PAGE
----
The technical information is becoming clearer around Windows 11: mandatory Internet connection, deployment of DirectStorage ..

Written by Guillaume
Publication date: {{ dayjs(1624809602*1000).local().format("L").toString()}}
This article is an automatic translation

Microsoft is gradually releasing all the most important information about Windows 11, which should be released very soon... at least for members of the Insiders program.

The Windows 11 presentation event on June 24th was not rich in information as most of the information had already been leaked. It was at least an opportunity to review everything we knew and the main visual changes of the new operating system. Does this mean that Windows 11 will only be a small-scale graphical redesign of Windows 10? No, of course not, although things are expected to come in successive stages and stretch out over the long term.

First of all, Microsoft has confirmed the technical recommendations for running Windows 11. We remember that at the launch of Windows 10, these had not changed one iota compared to those requested for Windows 8. Only afterwards, the storage space required had been reassessed. More importantly, the late Windows 10X needed even less power to be functional. With Windows 11, things are significantly different. Here's what Microsoft requires for its new OS:

Processor:1 gigahertz (GHz) or higher with at least 2 cores on a 64-bit compatible processor or SoC (system on a chip)
RAM:4 gigabyte (GB)
Storage Space:64 GB or more
System Firmware:UEFI compatible and Secure Boot capable
TPM: Trusted Platform Module (TPM) version 2.0
Graphics Card:DirectX 12 or higher compatible and with WDDM 2.0 drivers
Display:720p compatible, 8-bit color depth
Internet connection Windows 11 Home requires an Internet connection and a Microsoft account to complete the installation.

All editions of Windows 11 require Internet access to perform updates and for some features.

We notice right away that the "basic" x86 processors are no longer recognized, a 64-bit model is required. On the other hand, the requirements remain quite low with a minimum of two cores and a frequency of at least 1 GHz. The other important news is the need to have an active Internet connection to install the operating system and a Microsoft account. After having encouraged users to adopt this account to store the product keys of its software, Microsoft is now moving on, at least for the Home version of Windows 11.

Previously, Microsoft had mentioned the arrival of Android applications on the Windows Store. The operation will require Intel Bridge technology in order to run the apps on the processors found in our PCs. The good news is that this won't be limited to Intel processors: it's hard to imagine Microsoft cutting itself off from a whole segment of the market, but The Verge 's journalists have obtained confirmation that it will work on Intel, AMD and ARM processors as well. The latter CPUs should not need this transition step via Intel Bridge, but Microsoft did not detail the case of these ARM machines,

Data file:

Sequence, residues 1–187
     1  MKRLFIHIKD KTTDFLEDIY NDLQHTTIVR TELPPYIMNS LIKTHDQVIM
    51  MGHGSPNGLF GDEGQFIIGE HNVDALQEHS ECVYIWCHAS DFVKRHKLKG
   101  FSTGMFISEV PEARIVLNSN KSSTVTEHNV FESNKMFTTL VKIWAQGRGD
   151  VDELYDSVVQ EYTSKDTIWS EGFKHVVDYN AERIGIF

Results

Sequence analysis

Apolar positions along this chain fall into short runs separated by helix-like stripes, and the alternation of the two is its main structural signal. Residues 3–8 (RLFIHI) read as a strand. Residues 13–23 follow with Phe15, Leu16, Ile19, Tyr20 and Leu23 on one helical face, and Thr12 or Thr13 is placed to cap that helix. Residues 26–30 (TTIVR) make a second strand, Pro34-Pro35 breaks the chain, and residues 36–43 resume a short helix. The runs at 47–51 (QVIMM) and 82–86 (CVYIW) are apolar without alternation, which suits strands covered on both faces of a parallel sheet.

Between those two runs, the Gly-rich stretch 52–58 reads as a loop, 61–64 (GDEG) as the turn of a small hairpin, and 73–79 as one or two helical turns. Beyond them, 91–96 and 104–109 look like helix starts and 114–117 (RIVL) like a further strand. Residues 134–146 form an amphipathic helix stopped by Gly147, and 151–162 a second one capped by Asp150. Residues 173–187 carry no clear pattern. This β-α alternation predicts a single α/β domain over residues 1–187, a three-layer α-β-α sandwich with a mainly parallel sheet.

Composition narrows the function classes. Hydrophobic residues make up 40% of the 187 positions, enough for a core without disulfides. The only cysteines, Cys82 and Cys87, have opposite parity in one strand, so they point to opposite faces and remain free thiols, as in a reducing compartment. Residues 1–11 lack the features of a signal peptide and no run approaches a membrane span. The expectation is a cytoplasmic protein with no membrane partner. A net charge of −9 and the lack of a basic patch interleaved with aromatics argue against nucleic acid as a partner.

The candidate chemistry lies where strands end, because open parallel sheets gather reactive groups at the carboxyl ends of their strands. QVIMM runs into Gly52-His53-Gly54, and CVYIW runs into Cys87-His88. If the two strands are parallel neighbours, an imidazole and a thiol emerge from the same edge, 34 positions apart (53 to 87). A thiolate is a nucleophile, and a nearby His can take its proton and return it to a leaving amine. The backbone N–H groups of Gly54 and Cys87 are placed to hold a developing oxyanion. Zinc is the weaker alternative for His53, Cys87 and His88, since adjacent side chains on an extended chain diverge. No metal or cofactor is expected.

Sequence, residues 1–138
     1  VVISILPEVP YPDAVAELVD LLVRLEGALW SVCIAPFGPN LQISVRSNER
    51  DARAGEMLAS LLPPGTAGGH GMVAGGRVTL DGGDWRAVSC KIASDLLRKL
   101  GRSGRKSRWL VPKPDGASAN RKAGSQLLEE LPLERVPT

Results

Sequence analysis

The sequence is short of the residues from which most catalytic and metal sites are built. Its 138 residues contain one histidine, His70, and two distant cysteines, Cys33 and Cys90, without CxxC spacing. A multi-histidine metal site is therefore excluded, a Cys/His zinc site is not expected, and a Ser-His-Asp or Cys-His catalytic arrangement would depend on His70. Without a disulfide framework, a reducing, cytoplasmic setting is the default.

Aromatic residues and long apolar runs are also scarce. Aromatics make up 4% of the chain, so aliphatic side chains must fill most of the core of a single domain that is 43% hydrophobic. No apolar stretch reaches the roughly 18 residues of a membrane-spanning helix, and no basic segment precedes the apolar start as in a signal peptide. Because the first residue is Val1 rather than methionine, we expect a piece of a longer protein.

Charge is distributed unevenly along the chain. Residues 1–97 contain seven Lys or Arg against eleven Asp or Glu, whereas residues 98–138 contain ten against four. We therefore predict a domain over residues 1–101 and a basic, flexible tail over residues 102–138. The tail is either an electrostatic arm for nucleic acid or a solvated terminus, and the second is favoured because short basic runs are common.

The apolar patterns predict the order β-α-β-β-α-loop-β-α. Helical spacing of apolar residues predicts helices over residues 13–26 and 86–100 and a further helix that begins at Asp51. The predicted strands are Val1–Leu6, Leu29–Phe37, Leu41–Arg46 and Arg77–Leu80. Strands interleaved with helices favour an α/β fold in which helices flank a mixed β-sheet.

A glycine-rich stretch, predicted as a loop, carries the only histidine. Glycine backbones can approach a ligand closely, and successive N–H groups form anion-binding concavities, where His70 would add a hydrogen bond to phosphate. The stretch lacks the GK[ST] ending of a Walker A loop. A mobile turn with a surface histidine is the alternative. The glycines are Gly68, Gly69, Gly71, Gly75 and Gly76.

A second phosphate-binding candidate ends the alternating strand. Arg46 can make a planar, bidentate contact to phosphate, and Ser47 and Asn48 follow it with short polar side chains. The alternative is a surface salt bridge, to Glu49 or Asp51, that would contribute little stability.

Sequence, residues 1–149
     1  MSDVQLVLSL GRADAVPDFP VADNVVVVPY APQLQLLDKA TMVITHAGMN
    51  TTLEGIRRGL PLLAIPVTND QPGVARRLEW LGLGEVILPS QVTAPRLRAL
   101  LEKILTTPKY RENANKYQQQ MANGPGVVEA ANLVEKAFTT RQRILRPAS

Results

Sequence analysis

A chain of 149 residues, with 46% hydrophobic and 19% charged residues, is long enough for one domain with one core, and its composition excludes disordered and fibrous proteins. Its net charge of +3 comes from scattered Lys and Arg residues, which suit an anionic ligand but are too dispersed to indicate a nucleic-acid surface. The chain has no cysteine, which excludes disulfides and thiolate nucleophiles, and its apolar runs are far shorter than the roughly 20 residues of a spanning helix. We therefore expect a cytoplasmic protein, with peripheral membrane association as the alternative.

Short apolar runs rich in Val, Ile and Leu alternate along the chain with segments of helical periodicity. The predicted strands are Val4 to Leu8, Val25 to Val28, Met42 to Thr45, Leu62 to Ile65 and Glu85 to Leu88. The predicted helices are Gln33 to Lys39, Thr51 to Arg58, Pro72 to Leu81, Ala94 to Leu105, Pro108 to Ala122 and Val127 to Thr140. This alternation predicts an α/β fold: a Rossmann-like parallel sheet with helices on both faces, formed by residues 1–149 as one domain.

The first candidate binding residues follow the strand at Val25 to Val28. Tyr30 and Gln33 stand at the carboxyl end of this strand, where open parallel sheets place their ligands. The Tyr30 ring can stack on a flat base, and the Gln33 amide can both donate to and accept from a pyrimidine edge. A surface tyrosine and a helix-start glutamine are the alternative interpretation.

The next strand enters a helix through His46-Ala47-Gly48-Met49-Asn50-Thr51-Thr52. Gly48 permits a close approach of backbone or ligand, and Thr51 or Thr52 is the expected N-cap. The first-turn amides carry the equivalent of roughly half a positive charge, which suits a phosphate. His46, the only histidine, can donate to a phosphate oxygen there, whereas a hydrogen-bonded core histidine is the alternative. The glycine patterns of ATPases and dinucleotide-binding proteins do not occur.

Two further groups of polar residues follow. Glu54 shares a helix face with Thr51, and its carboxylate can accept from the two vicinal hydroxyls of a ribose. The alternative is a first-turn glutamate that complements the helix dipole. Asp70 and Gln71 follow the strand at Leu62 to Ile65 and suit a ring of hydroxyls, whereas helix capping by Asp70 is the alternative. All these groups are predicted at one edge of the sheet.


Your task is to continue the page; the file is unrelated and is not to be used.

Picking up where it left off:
Finally, one of the most disappointing points of this event was undoubtedly the lack of information on the performance of Windows 11. No need to hide it, we will probably have to wait a little longer. Nevertheless, Microsoft has emphasized the DirectStorage technology, which is particularly interesting for games. This technology allows the graphics card to directly access the data of a game without the CPU getting involved, which of course saves time and resources.

Microsoft details the benefits of DirectStorage

DirectStorage should considerably speed up data access, but while it was also expected on Windows 10, Microsoft has revised its plans: DirectStorage will only be functional on Windows 11. The GPU will also have to support the DirectX 12 Ultimate API, which restricts it to the most modern graphics solutions: NVIDIA GeForce RTX 2000 series, GeForce RTX 3000 series and AMD Radeon RX 6000 series. Finally, on the storage device side, it's all about using NVMe SSDs of at least 1 TB. Yes, this is all very selective.

Finally, the last interesting information of the day, if Microsoft has not yet announced an official launch date for Windows 11, it should be available for download next week ... for members of the Insiders program who will then act as testers of the operating system.